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# Maze

A maze is a puzzle in the form of a complex branching passage through which the solver must find a route. This is different from a labyrinth, which has an unambiguous through-route and is not designed to be difficult to navigate.

One type consists of a set of rooms linked by doors (so a passageway is just another room in this definition). You enter at one spot, and exit at another, or the idea may be to reach a certain spot in the maze.

Mazes have been built with walls and rooms, with hedges[?], turf[?], or crops such as corn or, indeed, maize, or with paving stones of contrasting colors or designs.

Mazes can also be drawn on paper to be followed by a pencil.

One of the short stories of Jorge Luis Borges featured a book that was a literary maze.

Various maze generation algorithms exist for building mazes, either by hand or by computer.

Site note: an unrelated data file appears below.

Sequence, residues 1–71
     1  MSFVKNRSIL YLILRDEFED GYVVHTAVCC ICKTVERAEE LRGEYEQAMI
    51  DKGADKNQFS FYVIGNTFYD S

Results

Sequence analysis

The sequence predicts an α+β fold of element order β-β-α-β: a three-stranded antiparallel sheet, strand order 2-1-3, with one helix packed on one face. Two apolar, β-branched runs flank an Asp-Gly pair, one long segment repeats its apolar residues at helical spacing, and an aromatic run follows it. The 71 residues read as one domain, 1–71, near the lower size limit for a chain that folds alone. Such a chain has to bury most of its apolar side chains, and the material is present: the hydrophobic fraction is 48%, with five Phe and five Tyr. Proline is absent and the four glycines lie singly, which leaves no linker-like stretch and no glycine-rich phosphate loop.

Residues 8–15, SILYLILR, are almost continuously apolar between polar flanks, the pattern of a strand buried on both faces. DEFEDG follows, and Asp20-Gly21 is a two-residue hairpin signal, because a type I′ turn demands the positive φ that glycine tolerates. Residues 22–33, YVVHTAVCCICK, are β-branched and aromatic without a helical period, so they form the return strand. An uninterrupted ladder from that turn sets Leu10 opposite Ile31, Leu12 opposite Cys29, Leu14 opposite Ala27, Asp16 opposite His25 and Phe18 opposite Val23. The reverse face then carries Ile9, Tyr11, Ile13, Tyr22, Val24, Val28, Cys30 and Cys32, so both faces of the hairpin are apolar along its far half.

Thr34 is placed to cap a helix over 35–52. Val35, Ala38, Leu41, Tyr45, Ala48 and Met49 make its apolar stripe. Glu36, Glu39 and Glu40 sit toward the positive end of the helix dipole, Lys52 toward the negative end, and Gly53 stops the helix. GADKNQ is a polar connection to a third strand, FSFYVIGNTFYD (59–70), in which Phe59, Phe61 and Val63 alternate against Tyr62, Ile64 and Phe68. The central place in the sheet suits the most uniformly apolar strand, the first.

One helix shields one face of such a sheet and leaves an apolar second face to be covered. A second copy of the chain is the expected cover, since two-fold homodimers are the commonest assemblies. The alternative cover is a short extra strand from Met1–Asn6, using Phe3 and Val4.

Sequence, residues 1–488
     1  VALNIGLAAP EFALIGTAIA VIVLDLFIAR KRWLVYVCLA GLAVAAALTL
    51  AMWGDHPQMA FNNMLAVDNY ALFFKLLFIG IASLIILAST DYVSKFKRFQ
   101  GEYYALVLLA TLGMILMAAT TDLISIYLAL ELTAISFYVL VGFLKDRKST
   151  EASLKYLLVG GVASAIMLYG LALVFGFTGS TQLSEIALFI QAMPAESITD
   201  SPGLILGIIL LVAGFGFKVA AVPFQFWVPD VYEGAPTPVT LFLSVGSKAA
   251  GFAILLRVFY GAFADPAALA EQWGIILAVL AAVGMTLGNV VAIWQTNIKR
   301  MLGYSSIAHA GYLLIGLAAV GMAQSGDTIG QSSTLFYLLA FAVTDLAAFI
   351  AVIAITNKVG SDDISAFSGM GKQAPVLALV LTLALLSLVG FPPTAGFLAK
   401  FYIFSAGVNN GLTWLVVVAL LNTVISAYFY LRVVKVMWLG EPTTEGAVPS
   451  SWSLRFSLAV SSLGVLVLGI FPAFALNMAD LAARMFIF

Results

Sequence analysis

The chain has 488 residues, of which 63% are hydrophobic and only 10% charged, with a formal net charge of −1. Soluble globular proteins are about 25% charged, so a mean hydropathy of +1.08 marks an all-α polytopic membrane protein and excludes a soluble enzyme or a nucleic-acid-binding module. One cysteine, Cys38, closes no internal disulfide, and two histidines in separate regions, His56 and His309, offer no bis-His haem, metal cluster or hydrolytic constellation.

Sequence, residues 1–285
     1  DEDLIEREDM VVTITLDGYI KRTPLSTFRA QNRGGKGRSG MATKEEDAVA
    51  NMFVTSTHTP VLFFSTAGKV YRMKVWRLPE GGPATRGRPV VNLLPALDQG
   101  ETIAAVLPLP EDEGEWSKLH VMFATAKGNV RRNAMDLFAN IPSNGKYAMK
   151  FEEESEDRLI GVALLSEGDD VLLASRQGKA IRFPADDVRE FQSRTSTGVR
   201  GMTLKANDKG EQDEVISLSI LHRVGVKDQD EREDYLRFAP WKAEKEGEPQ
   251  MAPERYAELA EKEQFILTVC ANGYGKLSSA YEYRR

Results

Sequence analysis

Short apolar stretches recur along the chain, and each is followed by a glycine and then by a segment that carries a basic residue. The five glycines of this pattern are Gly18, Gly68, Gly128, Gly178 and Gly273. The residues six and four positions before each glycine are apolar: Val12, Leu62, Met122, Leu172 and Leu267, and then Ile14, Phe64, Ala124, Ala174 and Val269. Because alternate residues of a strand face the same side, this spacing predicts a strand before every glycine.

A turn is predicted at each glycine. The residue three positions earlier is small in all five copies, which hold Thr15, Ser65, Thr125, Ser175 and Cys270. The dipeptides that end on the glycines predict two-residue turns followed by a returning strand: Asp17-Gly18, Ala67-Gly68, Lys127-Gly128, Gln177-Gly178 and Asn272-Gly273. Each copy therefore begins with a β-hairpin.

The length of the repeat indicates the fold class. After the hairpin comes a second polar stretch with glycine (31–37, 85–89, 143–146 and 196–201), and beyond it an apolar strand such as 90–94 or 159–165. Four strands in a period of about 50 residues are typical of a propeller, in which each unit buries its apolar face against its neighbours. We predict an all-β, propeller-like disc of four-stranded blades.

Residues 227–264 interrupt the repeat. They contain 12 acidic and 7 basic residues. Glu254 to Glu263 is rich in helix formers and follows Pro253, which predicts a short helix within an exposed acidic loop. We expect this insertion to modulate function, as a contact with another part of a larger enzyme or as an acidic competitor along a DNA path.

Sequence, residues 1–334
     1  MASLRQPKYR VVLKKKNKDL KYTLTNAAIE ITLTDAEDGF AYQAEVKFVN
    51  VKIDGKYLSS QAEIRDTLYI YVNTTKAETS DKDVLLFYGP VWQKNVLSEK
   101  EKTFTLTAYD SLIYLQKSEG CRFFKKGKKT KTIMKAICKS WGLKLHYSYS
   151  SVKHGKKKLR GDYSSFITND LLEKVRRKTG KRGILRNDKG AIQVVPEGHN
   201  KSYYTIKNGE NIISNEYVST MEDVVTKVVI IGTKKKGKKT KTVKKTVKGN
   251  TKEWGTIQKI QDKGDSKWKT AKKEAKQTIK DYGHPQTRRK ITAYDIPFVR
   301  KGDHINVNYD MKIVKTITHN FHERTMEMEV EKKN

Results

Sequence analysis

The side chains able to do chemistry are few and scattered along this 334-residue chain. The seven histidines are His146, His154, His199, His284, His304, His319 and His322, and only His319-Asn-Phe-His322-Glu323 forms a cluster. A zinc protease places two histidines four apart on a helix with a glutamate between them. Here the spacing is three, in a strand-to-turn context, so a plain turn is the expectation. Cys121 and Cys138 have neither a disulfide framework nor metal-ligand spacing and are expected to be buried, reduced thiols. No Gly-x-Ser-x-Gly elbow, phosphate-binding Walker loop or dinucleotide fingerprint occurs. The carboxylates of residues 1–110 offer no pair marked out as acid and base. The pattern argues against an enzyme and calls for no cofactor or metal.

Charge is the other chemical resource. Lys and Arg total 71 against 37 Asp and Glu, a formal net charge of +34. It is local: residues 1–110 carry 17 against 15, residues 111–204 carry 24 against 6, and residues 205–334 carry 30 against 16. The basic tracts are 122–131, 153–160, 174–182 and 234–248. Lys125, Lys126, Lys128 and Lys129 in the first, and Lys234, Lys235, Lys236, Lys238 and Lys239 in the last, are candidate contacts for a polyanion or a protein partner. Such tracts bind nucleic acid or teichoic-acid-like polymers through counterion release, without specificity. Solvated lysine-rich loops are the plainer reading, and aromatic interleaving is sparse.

Solving Mazes The best-known rule for traversing mazes is known as either the left-hand rule or the right-hand rule. By keeping one hand in contact with one wall of the maze, you are guaranteed not to get lost, and will either reach the exit or return to the entrance. If the maze is simply connected, i.e. all its walls are connected together, this method will cause you to traverse the whole of the maze. If not, it will not help you to find the disjoint parts of the maze.

The mathematician Leonhard Euler was one of the first to analyse mazes mathematically, and in doing so founded the science of topology.

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